do not feed
Occassionally your eyes are too big for your metaphor.

If that sounds like a mouthful, it is.  There’s a whole lot going on there, in terms of style, world-building, and storytelling strategy.  I am simultaneously attempting to a) establish the mythic feel characteristic of the classic epic, b) give you all sorts of history about the place where our tale is to unfold, and c) do it all by “tightening” from the historical and the global down to the current and the local in a technique intended to draw you into the story even as you’re drawing closer to the time and place where it will all transpire.  Perhaps you’ll think it was too much to bite off.  But then again, if you dig, you’ll discover that many stories have similarly ambitious segments at various points throughout their narratives (and a key differentiator between those that are good and those that are bad, is whether or not they succeed).

In any event, because I was attempting to get so much down on the page, the first version (predictably) wound up being far too dense.  It contains all the fundamental elements necessary to achieving the three goals laid out above, but they are packed so closely together that they get in each other’s way – while the paragraph contains hints of what is to come, at this stage it reads too much like a recitation of facts.  More specifically, there is exposition without counterbalancing atmosphere, not enough variation in the cadence, insufficient poetry to the language (given the intended purpose of this section), and the overall presentation lacks in drama.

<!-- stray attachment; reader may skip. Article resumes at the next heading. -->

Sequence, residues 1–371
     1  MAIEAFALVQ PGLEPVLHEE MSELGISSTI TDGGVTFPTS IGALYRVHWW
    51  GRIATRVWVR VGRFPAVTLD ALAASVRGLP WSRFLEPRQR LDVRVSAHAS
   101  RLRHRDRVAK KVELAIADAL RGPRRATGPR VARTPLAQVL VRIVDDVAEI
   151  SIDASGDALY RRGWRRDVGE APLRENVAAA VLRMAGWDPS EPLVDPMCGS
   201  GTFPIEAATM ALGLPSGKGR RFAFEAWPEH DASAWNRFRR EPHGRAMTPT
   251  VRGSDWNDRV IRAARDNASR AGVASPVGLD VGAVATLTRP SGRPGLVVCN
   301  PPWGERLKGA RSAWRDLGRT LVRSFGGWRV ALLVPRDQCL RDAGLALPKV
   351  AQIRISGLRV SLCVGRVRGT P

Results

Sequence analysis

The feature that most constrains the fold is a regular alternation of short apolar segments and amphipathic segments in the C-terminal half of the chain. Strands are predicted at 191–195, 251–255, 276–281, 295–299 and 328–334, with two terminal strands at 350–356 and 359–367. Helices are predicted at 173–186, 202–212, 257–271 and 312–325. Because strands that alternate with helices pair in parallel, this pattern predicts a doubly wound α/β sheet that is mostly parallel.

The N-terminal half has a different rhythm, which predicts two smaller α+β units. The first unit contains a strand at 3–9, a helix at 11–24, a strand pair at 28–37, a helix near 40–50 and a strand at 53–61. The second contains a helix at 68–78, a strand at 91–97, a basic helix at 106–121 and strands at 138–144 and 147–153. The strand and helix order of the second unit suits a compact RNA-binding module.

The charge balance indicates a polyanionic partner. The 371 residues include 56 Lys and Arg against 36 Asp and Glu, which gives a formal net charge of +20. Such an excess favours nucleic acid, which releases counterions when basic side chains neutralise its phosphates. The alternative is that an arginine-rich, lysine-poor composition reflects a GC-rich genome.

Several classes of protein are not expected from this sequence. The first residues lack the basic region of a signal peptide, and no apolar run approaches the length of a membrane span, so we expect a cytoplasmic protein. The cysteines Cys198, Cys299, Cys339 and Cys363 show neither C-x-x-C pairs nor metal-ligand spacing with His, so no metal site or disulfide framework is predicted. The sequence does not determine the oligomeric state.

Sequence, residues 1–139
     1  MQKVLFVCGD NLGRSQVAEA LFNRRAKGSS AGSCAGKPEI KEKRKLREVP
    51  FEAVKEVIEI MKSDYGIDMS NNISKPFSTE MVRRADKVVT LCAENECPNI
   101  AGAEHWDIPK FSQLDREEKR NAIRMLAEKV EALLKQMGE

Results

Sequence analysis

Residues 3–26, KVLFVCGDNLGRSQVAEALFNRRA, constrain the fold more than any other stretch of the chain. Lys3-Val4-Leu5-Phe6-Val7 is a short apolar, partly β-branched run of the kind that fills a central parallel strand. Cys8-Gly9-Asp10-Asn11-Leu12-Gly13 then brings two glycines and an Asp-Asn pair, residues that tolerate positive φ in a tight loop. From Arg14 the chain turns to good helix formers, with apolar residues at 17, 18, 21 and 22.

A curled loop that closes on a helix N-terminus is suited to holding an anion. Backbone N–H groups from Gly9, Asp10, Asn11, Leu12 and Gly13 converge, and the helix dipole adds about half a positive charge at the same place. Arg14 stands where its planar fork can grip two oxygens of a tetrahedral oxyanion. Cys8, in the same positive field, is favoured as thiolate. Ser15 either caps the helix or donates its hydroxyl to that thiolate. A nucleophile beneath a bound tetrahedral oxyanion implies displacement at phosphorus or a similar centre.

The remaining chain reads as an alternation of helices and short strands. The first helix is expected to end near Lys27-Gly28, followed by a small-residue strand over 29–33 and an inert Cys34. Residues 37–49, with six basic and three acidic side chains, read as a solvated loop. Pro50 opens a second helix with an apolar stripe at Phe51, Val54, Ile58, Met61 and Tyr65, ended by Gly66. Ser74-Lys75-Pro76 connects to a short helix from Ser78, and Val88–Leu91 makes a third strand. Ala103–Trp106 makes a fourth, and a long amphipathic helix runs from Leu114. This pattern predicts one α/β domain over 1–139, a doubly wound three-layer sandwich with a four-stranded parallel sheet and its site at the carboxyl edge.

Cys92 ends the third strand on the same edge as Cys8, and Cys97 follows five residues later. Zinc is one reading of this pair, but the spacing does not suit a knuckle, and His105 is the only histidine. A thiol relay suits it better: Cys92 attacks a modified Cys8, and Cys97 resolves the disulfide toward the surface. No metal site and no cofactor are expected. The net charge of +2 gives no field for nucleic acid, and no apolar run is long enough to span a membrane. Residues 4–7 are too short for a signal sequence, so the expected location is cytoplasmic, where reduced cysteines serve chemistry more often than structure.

Solution?  Comb it out.

Had to bring the full arsenal to bear on this one!

Add texture (what was this Great Strife, and why is Hilden described as once-mighty?); vary the flow (note the disparity in the number of clauses per sentence, and the improved interconnectivity between the sentences themselves); intersperse some lyrical elements (“March after March” / “league after league”, a more pronounced organic theme to the description of the province’s growth, imparting the sense that it is a living thing); and insert a more significant pause (a paragraph break) before the last sentence.  Voila!  The net result is, I think, a much more artful piece of writing.  Hopefully you agree.  Either way, however, it should serve as a good example of how I go about the craft.

Now, to be clear, by NO means am I recommending this approach as a best practice for your own work.  It seems to me (based on nothing more than anecdotal evidence I’ve read online) that the majority of writers prefer to power through multiple drafts – and while I don’t know if that methodology produces better books necessarily, it seems to lead to greater output.  (Certainly, it can’t be nearly as frustrating as the way that I do it!)  Unfortunately, I don’t (yet?) seem capable of any other process, and so I’m stuck with what I’ve got.  If you are the same way, perhaps this explanation and the accompanying examples I provided will give you some insight as to how improve your own writing.  (And if not, don’t worry –I’ll have an example of more traditional paring back in my next post, to follow sometime later this month.)


*If you suffer from the same affliction, here’s a tip I can advise to minimize the unproductive hours spent staring at the same half page trying to get it just right:  step away for a while.  Go to the gym, take a walk, read someone else’s stuff.  You may not be able to move on from the problematic section, but you’ll be surprised how helpful it is to come back to it with fresh eyes.

Well, sometimes, anyway…

3 thoughts on “My Process: Combing through the Tangles